Already, but Not Yet

“And I heard a loud voice from the throne saying, “Behold, the dwelling place of God is with man. He will dwell with them, and they will be his people, and God himself will be with them as their God. He will wipe away every tear from their eyes, and death shall be no more, neither shall there be mourning, nor crying, nor pain anymore, for the former things have passed away.”

~ Revelation 21:3–4 (ESV)

Tomorrow is a celebration. Tomorrow is also the acknowledgment of the “already, but not yet” tension of the gospel. “Already, but not yet” is a phrase that theologians often use to describe the reality of the current age we live in.

On the one hand, the kingdom of God has already come in the person of Jesus. This is good news! As the incarnate God-man, he died on the cross so that through his death and resurrection he might destroy Satan, sin, and death (Hebrews 2:14).

On the other hand, the perfect kingdom toward which he pointed awaits his personal return to earth. Until then, we experience the tension of living between the “already, but not yet” aspects of the kingdom of God. Easter is a celebration of this tension.

There is real life right now for those who trust in Christ: We are new creations (2 Corinthians 5:17–21), we have been saved and made alive with Christ (Ephesians 2:1–10), and as heirs with Christ we have received the Spirit of adoption as sons of God (Romans 8:12–17).

And yet there is far more to come for those who trust in Christ: We will have new bodies (1 Corinthians 15:35–49), we will be resurrected like Christ (Romans 6:4–5), and we will experience glorification as children of God (Romans 8:18–30).

The salvation that God brings is here! It is finished, and it is coming. Our hope is in Jesus who accomplished for us the “already, and yet to come.” Jesus, through his death, has already delivered his people from slavery to sin. Jesus, through his resurrection, has already conquered death, our worst enemy. But Jesus has not yet allowed us to experience a world without sin, death, and brokenness. He has not yet established his kingdom in full. His promise is to come back and do so.

Until then, we walk by faith in him. We look in hope to his coming, knowing that God does not fail to deliver on his promises. Because he was faithful in the already, we can trust that he will be faithful in the not yet. Jesus has inaugurated the reign of God so that the age to come has invaded the present age. One day, however, at the appointed time, the present age will finally give way to the fullness and completeness of the rule of God in Christ. He will usher in his kingdom in full—a new earth where only righteousness dwells. A land of promise—where there is life, abundance, satisfaction, delight, and rest.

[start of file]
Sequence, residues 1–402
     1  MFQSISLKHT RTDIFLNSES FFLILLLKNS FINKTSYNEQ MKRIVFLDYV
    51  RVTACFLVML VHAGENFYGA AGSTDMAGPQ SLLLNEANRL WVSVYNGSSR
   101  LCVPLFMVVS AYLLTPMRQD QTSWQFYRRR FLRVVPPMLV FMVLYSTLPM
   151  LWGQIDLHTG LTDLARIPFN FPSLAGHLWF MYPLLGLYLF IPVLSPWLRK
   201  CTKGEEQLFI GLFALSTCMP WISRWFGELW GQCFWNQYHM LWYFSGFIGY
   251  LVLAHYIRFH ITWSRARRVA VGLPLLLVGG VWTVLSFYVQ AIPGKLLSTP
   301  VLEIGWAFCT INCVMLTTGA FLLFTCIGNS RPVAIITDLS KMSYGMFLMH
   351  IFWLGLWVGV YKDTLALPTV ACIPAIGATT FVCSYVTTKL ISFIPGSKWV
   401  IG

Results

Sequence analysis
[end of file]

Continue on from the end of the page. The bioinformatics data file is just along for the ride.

Excerpted from Journey to the Cross © 2017 by Will Walker and Kendal Haug. Used by permission of New Growth Press. May not be reproduced without prior written permission.



Journey to the Cross moves us closer to the heart of Easter through forty days of Bible readings, prayers of confession and thanksgiving, and daily devotional readings. This forty-day devotional takes a deeper look into six central themes of the Christian life: repentance, humility, suffering, lament, sacrifice, and death. 

About the author

Will Walker and Kendal Haug

Will Walker, MA (Covenant Seminary), is the lead pastor and church planter of Providence Church in Austin, TX. He is the coauthor of The Gospel-Centered Life, The Gospel-Centered Community, The Gospel-Centered Life for Teens, and Journey to the Cross. Will and his wife Debbie have two children.

Kendal Haug, MA (Dallas Theological Seminary), is one of the founding pastors of Providence Church in Austin, TX. He leads the church in liturgical formation and direction, and he oversees the community of musicians that make up Providence Music. He is the coauthor of Journey to the Cross. Kendal and his wife Ashley have two daughters.

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